Chains including Burger King and Starbucks have shut down Pentagon locations for a 'Day Without Immigrants' protest

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Chains including Starbucks, Taco Bell, and Burger King have shut down their Pentagon locations on the "Day Without Immigrants."

On Thursday, organizers in cities across the country encouraged immigrants not to show up for work or patronize businesses, to show how crucial they are to the American economy.

That has impacted fast-food restaurants in the Pentagon, including Sbarro's, Starbucks, Taco Bell, Qdoba, Burger King, and Freshens, according to Reuters reporter Yeganeh Torbati.

According to The Washington Examiner's Jamie McIntyre, other restaurants remain open.

A number of restaurants and other business that have closed up shop across the country to support the protests. Additionally, McDonald's locations across the country have been forced to close for the day, likely due to lack of workers.

Click through for photos from the "Day Without Immigrants" protest:

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Day Without Immigrants boycott 2017
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Day Without Immigrants boycott 2017
Demonstrators march during the "Day Without Immigrants" protest in Washington, DC, U.S., February 16, 2017. REUTERS/Aaron P. Bernstein TPX IMAGES OF THE DAY
A restaurant worker photographs passing demonstrators as they march during the "Day Without Immigrants" protest in Washington, DC, U.S., February 16, 2017. REUTERS/Aaron P. Bernstein
Signs are posted for customers of Blue Ribbon, a restaurant, stating that they are closed in solidarity with "A Day Without Immigrants" protests in Brooklyn, New York, U.S., February 16, 2017. REUTERS/Brendan McDermid
A restaurant on Georgia Avenue is closed in honor of the "Day Without Immigrants" protest in Washington, D.C., U.S. February 16, 2017. REUTERS/Jim Bourg
A sign in the window of Ted's Bulletin Restaurant on 14th St proclaims it closed in honor of the "Day Without Immigrants" protest in Washington, D.C., U.S. February 16, 2017. REUTERS/Jim Bourg
NEW YORK, NY - FEBRUARY 16: A Vietnamese cafe and a dry cleaning business stand closed in solidarity with the 'A Day Without Immigrants' boycott/strike, February 16, 2017 in New York City. Across the country hundreds of restaurants and eateries are closing for the day to protest President Trump's immigration agenda and to highlight the contributions of immigrants to U.S. business and life. (Photo by Drew Angerer/Getty Images)
AUSTIN, TX - FEBRUARY 16: Protesters march in the streets outside the Texas State Capital on 'A Day Without Immigrants' February 16, 2017 in Austin, Texas. The crowd, which grew to well over a thousand participants, marched from the Austin City Hall to the Texas State Capital. Across the country hundreds of restaurants and eateries are closing for the day to protest President Trump's immigration policies and to highlight the contributions of immigrants to U.S. business and life. (Photo by Drew Anthony Smith/Getty Images)
PHILADELPHIA, PA - FEBRUARY 16: A business is closed as Latino immigrants across Philadelphia skip work on Thursday as part of a 'Day Without Immigrants' campaign on February 16, 2017 in Philadelphia, Pennsylvania. Many businesses are closed in hope of showing their economic power and protesting Donald Trump's immigration policies. (Photo by Jessica Kourkounis/Getty Images)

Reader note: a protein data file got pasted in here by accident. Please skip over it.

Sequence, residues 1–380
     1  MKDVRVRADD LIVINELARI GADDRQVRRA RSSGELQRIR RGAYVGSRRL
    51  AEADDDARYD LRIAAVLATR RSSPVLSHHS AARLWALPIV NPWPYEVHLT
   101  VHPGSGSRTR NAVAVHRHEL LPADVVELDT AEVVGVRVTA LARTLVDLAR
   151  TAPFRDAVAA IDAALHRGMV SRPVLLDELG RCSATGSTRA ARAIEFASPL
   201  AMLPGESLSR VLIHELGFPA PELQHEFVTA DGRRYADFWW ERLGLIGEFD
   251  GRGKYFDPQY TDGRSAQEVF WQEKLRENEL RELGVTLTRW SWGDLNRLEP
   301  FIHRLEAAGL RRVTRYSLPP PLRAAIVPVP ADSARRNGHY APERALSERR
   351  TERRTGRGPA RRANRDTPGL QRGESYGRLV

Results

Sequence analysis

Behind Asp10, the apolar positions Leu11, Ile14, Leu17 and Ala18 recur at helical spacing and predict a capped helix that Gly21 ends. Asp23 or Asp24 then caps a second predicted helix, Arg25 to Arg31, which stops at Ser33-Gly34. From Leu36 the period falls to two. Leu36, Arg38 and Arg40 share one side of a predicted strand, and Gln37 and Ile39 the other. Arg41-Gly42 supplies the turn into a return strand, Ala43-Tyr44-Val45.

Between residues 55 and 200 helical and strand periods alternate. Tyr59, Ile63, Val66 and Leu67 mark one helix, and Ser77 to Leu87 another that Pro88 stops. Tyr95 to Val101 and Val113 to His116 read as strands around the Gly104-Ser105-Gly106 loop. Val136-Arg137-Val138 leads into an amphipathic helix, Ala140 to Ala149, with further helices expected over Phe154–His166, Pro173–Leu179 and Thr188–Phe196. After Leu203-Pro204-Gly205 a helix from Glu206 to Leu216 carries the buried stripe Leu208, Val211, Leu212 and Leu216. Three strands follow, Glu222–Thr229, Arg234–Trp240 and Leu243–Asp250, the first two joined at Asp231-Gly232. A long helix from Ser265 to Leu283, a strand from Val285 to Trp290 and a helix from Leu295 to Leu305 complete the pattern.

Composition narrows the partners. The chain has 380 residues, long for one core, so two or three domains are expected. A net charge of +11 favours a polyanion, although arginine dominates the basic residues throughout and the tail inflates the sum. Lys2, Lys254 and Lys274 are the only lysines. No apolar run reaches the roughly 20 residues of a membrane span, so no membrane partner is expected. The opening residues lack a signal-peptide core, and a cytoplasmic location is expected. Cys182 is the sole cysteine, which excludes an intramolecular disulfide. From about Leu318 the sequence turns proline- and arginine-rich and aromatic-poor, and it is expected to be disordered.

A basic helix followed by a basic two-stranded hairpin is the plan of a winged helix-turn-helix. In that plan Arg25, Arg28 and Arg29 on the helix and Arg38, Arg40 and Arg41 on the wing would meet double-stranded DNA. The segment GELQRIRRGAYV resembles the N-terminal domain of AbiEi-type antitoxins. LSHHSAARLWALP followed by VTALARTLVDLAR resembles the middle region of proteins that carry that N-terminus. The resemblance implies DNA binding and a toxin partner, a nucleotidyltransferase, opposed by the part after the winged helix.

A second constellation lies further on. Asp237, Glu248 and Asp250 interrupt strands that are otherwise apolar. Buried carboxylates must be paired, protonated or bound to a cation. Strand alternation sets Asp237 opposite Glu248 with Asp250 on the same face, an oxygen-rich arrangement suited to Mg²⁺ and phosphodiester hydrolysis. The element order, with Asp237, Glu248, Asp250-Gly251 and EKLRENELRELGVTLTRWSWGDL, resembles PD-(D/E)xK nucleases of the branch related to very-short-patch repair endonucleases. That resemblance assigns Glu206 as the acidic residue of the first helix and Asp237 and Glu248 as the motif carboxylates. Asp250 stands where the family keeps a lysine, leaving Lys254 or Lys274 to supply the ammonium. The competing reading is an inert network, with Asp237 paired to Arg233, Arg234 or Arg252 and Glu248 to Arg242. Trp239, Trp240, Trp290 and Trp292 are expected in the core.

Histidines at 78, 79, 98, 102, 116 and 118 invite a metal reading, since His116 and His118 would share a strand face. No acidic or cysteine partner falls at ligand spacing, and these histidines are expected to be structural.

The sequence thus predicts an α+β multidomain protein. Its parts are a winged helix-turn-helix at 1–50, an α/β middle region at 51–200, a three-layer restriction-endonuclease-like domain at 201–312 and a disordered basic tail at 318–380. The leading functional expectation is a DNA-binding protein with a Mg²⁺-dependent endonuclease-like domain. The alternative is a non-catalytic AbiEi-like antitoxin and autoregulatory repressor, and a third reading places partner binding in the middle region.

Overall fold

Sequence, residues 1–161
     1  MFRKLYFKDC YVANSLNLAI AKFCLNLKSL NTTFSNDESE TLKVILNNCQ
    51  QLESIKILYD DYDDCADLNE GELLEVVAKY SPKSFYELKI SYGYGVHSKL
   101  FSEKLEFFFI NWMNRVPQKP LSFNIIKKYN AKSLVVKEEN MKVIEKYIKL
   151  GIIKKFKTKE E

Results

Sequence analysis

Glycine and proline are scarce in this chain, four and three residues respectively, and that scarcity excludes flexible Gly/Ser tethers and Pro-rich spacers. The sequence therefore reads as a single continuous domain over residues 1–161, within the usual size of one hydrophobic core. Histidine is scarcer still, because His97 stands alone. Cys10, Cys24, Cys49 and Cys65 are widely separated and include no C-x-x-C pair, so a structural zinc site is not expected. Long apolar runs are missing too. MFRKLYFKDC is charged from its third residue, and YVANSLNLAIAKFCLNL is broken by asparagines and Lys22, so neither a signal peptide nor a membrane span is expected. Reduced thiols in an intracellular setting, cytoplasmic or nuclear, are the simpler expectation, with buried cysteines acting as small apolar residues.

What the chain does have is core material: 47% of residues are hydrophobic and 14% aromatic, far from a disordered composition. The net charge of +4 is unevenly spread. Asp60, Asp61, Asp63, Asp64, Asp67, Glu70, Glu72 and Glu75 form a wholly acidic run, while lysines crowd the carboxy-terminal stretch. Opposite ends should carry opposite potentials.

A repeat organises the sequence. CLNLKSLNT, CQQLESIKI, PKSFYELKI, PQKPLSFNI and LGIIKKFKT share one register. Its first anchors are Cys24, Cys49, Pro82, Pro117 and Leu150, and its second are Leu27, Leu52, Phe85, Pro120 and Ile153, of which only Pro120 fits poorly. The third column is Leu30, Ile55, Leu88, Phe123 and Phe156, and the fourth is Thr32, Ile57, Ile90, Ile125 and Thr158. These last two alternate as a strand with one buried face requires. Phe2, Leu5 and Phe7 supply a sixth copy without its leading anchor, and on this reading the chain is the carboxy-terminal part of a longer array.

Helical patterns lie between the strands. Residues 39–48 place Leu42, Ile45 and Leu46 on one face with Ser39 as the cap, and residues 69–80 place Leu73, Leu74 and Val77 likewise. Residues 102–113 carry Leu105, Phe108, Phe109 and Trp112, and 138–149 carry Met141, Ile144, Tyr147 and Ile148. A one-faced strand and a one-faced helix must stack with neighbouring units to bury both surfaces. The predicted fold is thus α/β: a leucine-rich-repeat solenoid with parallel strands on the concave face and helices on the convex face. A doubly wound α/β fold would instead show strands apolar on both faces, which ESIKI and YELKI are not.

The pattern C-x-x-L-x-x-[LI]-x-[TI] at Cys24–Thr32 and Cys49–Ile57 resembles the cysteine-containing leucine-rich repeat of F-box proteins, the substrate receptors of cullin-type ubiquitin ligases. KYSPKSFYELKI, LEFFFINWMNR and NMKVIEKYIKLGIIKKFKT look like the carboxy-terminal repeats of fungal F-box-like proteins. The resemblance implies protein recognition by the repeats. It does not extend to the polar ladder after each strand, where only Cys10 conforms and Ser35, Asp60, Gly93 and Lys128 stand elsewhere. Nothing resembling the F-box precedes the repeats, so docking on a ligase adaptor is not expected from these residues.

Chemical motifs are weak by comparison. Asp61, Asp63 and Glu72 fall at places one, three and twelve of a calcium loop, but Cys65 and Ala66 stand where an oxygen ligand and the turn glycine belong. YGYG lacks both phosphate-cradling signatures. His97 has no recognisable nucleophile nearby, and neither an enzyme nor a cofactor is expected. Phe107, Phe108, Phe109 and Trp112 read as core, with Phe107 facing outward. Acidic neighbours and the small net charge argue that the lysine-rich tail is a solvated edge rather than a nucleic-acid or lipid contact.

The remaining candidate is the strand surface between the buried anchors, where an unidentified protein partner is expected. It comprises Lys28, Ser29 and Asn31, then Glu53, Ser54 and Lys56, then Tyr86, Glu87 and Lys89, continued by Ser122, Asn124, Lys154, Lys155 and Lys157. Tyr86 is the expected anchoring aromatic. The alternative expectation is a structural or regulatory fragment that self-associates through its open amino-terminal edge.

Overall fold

PHILADELPHIA, PA - FEBRUARY 16: An exterior view of Morning Glory Diner February 16, 2017 in Philadelphia, Pennsylvania. With the support of the owner, the majority of the staff, which is Latino, did not come to work as part of a 'Day Without Immigrants' campaign which is aimed at showing their economic power and protesting Donald Trump's immigration policies. (Photo by Jessica Kourkounis/Getty Images)
NEW YORK, NY - FEBRUARY 16: A sign in the window of the popular Brooklyn restaurant Prime Meats explains their solidarity with the 'A Day Without Immigrants,' boycott/strike on February 16, 2017 in New York, United States. Across the country hundreds of restaurants and eateries are closing for the day to protest President Trump's immigration agenda and to highlight the contributions of immigrants to U.S. business and life. (Photo by Spencer Platt/Getty Images)
PHILADELPHIA, PA - FEBRUARY 16: Morning Glory Diner sits empty February 16, 2017 in Philadelphia, Pennsylvania. With the support of the owner, the majority of the staff, which is Latino, did not come to work as part of a 'Day Without Immigrants' campaign which is aimed at showing their economic power and protesting Donald Trump's immigration policies. (Photo by Jessica Kourkounis/Getty Images)
A sign posted for customers hangs on the window of Blue Ribbon, a restaurant, stating that they are closed in solidarity with "A Day Without Immigrants" protests in Brooklyn, New York, U.S., February 16, 2017. REUTERS/Brendan McDermid
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The "Day Without Immigrants" protest comes in response to President Donald Trump's plans to build a wall along the US-Mexico border, as well as his promise to pass more aggressive deportation policies. The protest also addresses Trump's executive order banning immigrants from seven majority-Muslim nations from entering the US, a ban which was frozen but Trump has said he plans to rewrite.

By refusing to work, immigrants involved in the protest attempt to demonstrate how exactly the US would be impacted by increased deportations and new immigration policies.

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SEE ALSO: McDonald's restaurants across the US are shutting down for a 'Day Without Immigrants' protest

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